In an endangered world of dwindling resources, a line by Pogo, Walt Kelly’s popular newspaper-comic hero of the last century, is worth recalling: “When you starve with a tiger, the tiger starves last.”

It’s worth keeping this maxim top of mind as one reads the latest annual report from Global Witness, an independent organization that tracks the murders of people around the world who try to resist mining, farming, logging and other powerful industries that savage ecosystems and drive people off their land.

In 2018, 164 defenders of the land and environment were killed, with the Philippines of the brutal President Rodrigo Duterte taking over from Brazil as the deadliest place to resist rapacious developers and governments. That was less than the 201 killed in the previous year, but it was hardly an improvement.

Global Witness noted that the actual figure is probably far higher because reporting is iffy in the most vulnerable parts of the world. Governments and industries are also learning that there are other, nonlethal means of intimidating or eliminating activists who resist them. In addition to the violence of private security agents, state forces or contract killers, activists now also confront teams of aggressive lawyers.

Using, or misusing, laws and the courts, governments and industries intent on driving indigenous people or activists away criminalize resistance or proclaim them to be “terrorists,” choking off their funding and tying them up in costly legal battles. The U.N. special rapporteur on the rights of indigenous people, Victoria Tauli-Corpuz, was among 600 people the government of her home country, the Philippines, labeled terrorists.

Human Rights Watch called the action “a virtual government hit list” and noted that state security forces and pro-government militias in the Philippines had a long history of murdering people labeled terrorists or communists.

Things are not looking much better for 2019. Although Brazil is no longer No. 1 in the number of people killed, the populist president installed in January, Jair Bolsonaro, has vowed to open previously protected indigenous lands to commercial development. The Times reported Sunday that the destruction of the Amazon rainforest, which plays a crucial role in absorbing and storing carbon dioxide and thus slowing global warming, has dramatically accelerated under Bolsonaro, in large part because of deliberately lax enforcement of laws and regulations. Bolsonaro simply dismisses his own government’s data on deforestation as lies.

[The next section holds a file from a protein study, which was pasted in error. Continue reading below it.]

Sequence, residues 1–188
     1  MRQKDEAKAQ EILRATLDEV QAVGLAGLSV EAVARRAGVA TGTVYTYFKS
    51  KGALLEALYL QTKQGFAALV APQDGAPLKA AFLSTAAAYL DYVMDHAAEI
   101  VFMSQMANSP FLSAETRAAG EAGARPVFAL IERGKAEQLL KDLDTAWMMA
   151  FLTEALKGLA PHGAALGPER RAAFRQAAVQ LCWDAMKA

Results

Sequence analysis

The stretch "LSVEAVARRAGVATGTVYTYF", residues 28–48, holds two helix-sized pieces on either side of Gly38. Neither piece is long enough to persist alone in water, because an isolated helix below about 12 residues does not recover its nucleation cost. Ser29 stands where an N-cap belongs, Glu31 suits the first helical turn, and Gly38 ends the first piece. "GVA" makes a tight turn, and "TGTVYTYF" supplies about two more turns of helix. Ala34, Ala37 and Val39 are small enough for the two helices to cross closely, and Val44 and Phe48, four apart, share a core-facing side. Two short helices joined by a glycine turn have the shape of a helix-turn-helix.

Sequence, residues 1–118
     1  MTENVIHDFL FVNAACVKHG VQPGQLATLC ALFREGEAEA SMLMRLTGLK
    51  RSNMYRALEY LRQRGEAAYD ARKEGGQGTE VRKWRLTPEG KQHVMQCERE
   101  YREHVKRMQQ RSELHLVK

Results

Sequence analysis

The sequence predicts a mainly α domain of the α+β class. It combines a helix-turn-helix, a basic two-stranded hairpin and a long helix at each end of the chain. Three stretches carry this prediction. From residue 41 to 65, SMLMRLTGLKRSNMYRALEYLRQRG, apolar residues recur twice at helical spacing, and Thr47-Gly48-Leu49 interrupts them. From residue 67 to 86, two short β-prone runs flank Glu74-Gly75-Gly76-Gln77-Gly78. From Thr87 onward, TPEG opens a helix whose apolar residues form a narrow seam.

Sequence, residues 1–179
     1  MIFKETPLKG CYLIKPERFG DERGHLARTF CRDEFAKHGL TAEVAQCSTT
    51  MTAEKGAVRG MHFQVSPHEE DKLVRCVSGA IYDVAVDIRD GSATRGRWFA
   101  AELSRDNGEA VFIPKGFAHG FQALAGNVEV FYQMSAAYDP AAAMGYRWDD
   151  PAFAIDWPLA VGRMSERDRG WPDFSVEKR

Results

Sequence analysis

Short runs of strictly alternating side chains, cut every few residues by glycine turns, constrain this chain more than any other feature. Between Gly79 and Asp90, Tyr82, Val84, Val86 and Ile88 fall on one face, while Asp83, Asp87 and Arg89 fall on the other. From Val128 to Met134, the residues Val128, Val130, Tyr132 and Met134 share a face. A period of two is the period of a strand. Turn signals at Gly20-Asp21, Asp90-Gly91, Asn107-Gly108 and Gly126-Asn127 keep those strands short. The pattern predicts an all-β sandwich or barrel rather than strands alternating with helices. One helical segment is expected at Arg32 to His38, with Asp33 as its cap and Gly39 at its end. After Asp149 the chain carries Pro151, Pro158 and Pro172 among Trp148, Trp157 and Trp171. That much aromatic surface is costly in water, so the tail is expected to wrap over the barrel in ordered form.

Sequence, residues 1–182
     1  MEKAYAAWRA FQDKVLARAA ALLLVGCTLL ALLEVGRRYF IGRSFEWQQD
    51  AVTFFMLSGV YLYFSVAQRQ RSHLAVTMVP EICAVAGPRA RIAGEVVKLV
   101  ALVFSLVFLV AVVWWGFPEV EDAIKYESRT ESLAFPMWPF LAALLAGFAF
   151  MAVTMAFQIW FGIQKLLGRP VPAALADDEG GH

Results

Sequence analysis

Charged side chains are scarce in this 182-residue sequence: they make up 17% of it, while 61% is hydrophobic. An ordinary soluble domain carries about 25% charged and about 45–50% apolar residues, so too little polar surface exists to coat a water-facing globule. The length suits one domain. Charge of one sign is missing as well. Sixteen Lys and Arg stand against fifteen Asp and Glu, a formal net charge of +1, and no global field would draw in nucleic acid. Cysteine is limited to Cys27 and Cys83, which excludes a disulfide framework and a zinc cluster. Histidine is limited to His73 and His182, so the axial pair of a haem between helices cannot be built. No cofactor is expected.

“The Amazon is ours, not yours,” he told a foreign journalist.

Duterte and Bolsonaro were two of the new breed of populist leaders Global Witness identified as contributing to worsening the plight of those who defend the land, through their disdain for the environment and hostility to dissenters.

Predictably, President Donald Trump and his “energy dominance” agenda came in for their share of opprobrium.

In this summer of oppressive heat waves, yet more bad news — there seems to be no other kind — on the environmental front risks adding to a sense of helplessness before the greed and willful contempt of the world’s “tigers.”

Another nongovernmental organization, the Global Footprint Network, annually calculates the day on which humanity consumes more resources for the year than it can regenerate. This year “Earth Overshoot Day” was July 29. In 1993, it was Oct. 12; last year it was Aug. 1.

There are solutions, there are well-researched strategies, there are innumerable organizations and people anxious to rescue the Earth. Yet at every turn, they run up against destructive industries and callous politicians prepared to resort to any means to continue despoiling the planet.

“So far,” said the Global Witness report, “governments have largely failed to listen or react, while big businesses are generally holding to the model that created the problem in the first place.”

Pogo aced that reality, too, in a saying environmentalist like to quote: “We have met the enemy, and he is us.”

But the solution is also us, however dangerous or discouraging. There is no choice but to fight on for our planet and to hammer home to the tigers that in the end, they too will starve unless they join the rest of us in saving the island.

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